Greater number of large sharks spotted near Galveston, Bolivar Peninsula

- Cell phone video shows a Pasadena man catching a 6-foot shark on Crystal Beach on the Bolivar Peninsula over the weekend.

There has been an increase in large shark sightings in the past month or so near Galveston and the Bolivar Peninsula, according to Jonathan Davis, a shark biologist for the Texas Parks and Wildlife Department.

Part of the reason people are seeing more sharks and catching bigger ones is that water temperatures are higher and there is a greater number of schooling fish close to the coast around this time of year, describes Davis.

Chris Mott, captured on video reeling in a bull shark on Saturday, is a recreational shark fisher. He says he catches sharks often, but this is the largest shark he’s ever caught from the beach.

“That’s the biggest one I’ve reeled in," says Mott. "They’re really hard to get up on the beach. Their belly touches the sand and they go crazy. They’re very powerful fish.” His friend Chris Hollon and Hollon's son were fishing for sharks when FOX 26 News arrived to Crystal Beach on Monday. They do it year-round as a hobby, and they say they’ve not only seen an increase in sharks in the past month or so, but also seen a greater variety of sharks.

"There’s been a lot bigger sharks, some different species, some hammerheads and tigers coming out here,” adds Hollon. He also says he caught a six-foot-long sandbar shark a couple of weeks ago on Surfside Beach, giving it a bear hug before releasing it back into the Gulf.

“If you get them underneath their pec fins, they can’t really move around,” describes Hollon.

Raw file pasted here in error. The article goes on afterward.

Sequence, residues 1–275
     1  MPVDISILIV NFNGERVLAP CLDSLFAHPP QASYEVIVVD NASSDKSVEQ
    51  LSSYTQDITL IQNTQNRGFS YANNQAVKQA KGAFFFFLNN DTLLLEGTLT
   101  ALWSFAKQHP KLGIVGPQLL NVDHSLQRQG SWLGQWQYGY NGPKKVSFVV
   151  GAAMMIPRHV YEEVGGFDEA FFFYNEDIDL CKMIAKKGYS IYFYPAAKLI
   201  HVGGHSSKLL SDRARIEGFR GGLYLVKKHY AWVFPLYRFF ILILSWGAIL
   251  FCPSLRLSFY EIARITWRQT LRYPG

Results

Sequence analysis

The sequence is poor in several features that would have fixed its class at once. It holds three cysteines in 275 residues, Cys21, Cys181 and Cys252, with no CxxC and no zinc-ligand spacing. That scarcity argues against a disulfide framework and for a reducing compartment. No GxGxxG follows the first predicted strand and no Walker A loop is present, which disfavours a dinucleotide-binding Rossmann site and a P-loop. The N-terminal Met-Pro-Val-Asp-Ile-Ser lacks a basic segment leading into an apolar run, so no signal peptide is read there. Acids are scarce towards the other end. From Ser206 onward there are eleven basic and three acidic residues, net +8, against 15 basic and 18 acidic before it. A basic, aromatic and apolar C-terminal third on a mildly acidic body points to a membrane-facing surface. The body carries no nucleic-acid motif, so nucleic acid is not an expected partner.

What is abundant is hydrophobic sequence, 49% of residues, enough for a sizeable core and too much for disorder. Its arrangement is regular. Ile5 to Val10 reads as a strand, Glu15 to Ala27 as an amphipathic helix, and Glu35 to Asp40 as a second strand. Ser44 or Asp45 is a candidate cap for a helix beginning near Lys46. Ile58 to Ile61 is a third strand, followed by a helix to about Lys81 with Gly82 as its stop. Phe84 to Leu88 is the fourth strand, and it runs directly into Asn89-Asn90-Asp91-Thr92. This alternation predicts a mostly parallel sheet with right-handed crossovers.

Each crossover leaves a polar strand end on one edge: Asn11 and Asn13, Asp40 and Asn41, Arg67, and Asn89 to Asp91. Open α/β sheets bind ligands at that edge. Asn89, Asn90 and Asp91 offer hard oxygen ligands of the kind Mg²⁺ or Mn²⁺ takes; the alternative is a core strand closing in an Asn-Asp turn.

Davis says there have indeed been more sharks of a greater size being caught or found dead along Galveston and Bolivar Peninsula. He says it may be due to a vortex, or gyre, in the Gulf that’s pushing clear blue water closer to the Texas coast.

Whatever the reason, the shark fishers are loving the opportunity to make a big catch, while being cautious about venturing far into the water for a swim. They say the bull sharks they’ve caught are aggressive.

“They’re not a shark that’s just gonna bump into you," says Mott. "Most of the time they’re gonna hit you and they’re gonna snap at you.”

The Galveston Island Beach Patrol has some advice for avoiding sharks:

  • Don’t swim near areas where water empties into the gulf. Sharks are more common in those areas.
  • Don’t go in the water if you’re bleeding.
  • When wade fishing, don't keep the bleeding fish you've caught near you in the water. That can attract sharks.
  • Don’t try to swim through a school of fish. Sharks prey on schooling fish.

Galveston Island sees one shark bite around every three years, according to the Galveston Island Beach Patrol. Around 20 million people swim there in that time frame, so shark bites are very rare.

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